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Town hall crowd urges RI congressmen to resist Trump

Amid cries for Trump’s impeachment, politicians reiterate commitment to constitution, resistance

Severe weather conditions did not stop hundreds from gathering at Sunday’s town hall meeting at East Providence High School. Rhode Islanders gathered to discuss ongoing issues affecting the Ocean State with Democratic R.I. Congressmen Sen. Jack Reed, Sen. Sheldon Whitehouse, U.S. Rep. Jim Langevin and U.S. Rep. David Cicilline ’83. Holding signs displaying “Persist!” and “Stay Human,” crowd members were quick to demand answers from their elected officials.

The town hall meeting centered around the fate of the Affordable Care Act, protecting the environment, increasing the minimum wage and organizing movements to resist President Donald Trump’s executive orders on legal grounds.

From the start, the crowd voiced frustration with the state’s political leaders. Reed, while testing out the microphone, asked the audience if he was loud enough to be heard — “you need to be louder in Washington too,” one protester shouted in response.

Sharing the crowd’s tone of frustration, Langevin encouraged community engagement and vowed to represent R.I. voters. “We’re upset, we’re angry at where the president is trying to lead our country and we’re not just going to sit back and take it,” Langevin said.

One audience member urged lawmakers to make Rhode Island a leader of the wind-power industry while also expressing concern about fracking and climate change. Though Whitehouse committed to fight climate change, he declined to place any political pressure on the deciding committee on fracking and said he supported infrastructure expansion. Additionally, Whitehouse said he had not made a decision regarding former Sen. Dan Coats’ nomination as Director of National Intelligence, resulting in an uproar from the crowd.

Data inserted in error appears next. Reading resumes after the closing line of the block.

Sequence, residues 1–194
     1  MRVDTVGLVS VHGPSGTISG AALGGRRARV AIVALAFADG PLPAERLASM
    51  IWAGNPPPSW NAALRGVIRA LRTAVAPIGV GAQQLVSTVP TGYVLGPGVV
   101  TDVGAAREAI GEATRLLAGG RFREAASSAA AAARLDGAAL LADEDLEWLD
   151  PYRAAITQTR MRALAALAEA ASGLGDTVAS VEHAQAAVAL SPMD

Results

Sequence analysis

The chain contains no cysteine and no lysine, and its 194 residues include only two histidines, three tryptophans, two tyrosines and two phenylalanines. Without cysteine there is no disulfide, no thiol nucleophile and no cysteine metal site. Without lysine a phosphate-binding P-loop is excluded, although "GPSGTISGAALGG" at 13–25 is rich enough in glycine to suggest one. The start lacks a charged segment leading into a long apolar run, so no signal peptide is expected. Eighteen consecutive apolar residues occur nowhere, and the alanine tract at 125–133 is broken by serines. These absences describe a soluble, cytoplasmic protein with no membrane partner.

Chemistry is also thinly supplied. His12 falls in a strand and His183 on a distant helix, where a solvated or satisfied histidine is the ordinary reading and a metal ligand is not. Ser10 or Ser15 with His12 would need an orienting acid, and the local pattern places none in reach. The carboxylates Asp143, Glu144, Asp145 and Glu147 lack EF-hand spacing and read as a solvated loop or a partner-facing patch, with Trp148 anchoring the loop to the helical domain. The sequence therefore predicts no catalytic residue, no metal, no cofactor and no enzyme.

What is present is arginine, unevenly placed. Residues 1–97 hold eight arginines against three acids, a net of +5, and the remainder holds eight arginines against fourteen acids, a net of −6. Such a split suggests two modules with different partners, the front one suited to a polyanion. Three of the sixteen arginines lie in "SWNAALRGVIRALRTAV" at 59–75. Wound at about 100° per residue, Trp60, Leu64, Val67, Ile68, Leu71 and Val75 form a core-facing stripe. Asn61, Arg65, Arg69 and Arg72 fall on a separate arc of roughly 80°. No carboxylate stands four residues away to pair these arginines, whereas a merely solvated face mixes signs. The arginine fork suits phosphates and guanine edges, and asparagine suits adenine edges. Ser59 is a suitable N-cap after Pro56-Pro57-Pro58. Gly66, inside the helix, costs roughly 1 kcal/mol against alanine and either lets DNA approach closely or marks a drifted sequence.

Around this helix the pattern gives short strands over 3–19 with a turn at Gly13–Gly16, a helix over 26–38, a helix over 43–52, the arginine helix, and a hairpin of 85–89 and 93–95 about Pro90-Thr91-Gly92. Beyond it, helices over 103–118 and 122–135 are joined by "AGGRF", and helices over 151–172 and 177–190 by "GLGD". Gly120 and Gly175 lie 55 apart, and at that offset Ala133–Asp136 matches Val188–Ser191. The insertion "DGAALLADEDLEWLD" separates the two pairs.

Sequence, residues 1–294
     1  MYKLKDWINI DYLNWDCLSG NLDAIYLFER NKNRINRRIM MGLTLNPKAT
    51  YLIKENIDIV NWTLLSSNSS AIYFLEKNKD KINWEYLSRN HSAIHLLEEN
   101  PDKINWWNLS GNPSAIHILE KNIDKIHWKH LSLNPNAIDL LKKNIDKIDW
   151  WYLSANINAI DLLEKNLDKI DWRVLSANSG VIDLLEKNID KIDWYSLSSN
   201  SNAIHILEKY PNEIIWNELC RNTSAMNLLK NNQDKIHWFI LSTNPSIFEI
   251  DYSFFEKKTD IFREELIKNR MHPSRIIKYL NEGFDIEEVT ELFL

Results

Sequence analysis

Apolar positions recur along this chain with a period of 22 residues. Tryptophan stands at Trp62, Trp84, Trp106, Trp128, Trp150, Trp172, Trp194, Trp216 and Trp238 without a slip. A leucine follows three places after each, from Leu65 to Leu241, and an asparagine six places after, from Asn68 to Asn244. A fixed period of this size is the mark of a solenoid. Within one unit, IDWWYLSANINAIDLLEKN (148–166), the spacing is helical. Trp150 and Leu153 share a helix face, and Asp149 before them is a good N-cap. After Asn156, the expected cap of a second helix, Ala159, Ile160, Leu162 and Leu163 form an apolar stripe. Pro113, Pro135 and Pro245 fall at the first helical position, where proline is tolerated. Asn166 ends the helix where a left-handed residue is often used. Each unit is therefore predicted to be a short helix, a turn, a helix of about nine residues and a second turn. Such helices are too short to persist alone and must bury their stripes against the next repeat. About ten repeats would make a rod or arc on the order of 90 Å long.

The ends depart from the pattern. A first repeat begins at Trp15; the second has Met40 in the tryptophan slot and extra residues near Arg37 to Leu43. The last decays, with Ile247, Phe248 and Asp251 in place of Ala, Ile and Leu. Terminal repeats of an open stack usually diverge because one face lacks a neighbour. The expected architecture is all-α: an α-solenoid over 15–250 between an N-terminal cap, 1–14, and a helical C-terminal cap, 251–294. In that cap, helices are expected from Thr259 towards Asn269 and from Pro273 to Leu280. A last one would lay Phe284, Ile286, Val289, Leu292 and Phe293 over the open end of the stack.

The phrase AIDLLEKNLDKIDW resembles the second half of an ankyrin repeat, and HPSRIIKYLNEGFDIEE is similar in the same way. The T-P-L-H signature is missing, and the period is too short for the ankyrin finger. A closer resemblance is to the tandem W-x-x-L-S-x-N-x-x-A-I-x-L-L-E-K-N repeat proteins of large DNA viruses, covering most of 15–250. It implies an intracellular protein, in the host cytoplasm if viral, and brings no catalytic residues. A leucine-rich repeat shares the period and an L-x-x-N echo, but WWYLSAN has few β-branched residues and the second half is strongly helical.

“Just say no!” the audience chanted.

A son and grandson of refugees who fled Nazi Germany, one audience member asked the officials to demand the president’s resignation and the appointment of a Democrat as vice president. The room erupted in applause.

Citing the 25th Amendment as a precedent — when Nelson Rockefeller filled the position as vice president following the 1964 resignation of former President Richard Nixon — the voter went on to plead for government unity.

Reed rejected such a proposal based on constitutionality. “Yes, he has to go, but we have to recognize, ultimately we are serving the constitution,” Reed said.

Whitehouse also encouraged legal and constitutional methods of resistance, primarily stating the Democratic Party’s focus on the 2018 election. “Short of impeachment, the real way to rebuke this guy is to take back (the U.S. House of Representatives) in a flood,” Whitehouse said.

Given U.S. District Court Judge James Robart’s halt on the enforcement of Trump’s order Feb. 3, Cicilline noted the importance of the judiciary in limiting the president’s power. Trump’s remarks of “fake news” and “so-called judge” at Robart’s expense are Trump’s ways of attempting to delegitimize the two institutions that hold him accountable, Cicilline said.

Following the town hall meeting, some audience members said they felt more assured of the progress being made in Washington.

“I feel better being here but it’s not necessarily (because of) what my democratically elected leaders have said — it’s seeing the energy in the crowd,” said audience member Mandy Jordan.

Correction: A previous version of this article mislabeled U.S. Rep. Jim Langevin and U.S. Rep. David Cicilline '83 as state representatives. In fact, they are U.S. representatives. The Herald regrets the error. 

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